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Ichnography (Gr. τὸ ἴχνος, íchnos, "track, trace" and γράφειν, gráphein, "to write"),[1] pronounced ik-nog-rəfi, in architecture, is a term defined by Vitruvius (i.2) as the ground plan of the work, i.e. the geometrical projection or horizontal section representing the plan of any building, taken at such a level as to show the outer walls, with the doorways, windows, fireplaces, etc., and the correct thickness of the walls; the position of piers, columns or pilasters, courtyards and other features which constitute the design, as to scale.

Ground plans can help in creating sufficient floor space, especially for larger designs where appropriate planning is needed such as with Depot and shops, however modern architectural large-scale designs are usually done by means of computer with certain dedicated software. Ichnography today can crudely be used for small-scale plans such as Garden and Bedroom layouts,sometimes with 3D sketches. They may be used by children and other 'non-professionals' as a way to help express their imagination of design or as a form of geometrical play.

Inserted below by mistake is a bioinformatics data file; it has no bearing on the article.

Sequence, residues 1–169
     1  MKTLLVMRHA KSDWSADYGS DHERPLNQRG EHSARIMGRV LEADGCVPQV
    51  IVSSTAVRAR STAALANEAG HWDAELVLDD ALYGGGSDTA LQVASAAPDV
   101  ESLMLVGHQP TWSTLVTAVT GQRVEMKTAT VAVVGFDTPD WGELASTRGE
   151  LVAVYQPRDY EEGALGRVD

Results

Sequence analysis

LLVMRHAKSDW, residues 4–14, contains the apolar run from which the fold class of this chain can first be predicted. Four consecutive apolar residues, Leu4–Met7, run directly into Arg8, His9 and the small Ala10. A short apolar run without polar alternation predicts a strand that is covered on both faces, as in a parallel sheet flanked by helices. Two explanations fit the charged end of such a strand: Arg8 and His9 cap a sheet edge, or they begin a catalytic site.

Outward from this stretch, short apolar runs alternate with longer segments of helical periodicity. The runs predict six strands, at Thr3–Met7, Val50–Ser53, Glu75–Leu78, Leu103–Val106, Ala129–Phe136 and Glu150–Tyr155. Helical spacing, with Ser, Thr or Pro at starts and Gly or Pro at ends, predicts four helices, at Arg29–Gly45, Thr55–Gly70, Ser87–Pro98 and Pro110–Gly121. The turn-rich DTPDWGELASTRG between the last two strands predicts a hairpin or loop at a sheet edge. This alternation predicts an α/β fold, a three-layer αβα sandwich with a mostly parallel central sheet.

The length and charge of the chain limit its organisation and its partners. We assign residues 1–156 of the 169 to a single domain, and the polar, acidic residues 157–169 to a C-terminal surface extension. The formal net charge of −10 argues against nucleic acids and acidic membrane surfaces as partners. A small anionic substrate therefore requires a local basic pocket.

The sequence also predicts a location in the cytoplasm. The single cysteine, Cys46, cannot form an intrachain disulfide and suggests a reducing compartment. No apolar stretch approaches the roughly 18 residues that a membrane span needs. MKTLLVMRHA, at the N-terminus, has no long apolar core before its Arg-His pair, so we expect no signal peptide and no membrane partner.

Public Domain This article incorporates text from a publication now in the public domainChisholm, Hugh, ed. (1911). "article name needed". Encyclopædia Britannica (11th ed.). Cambridge University Press. 

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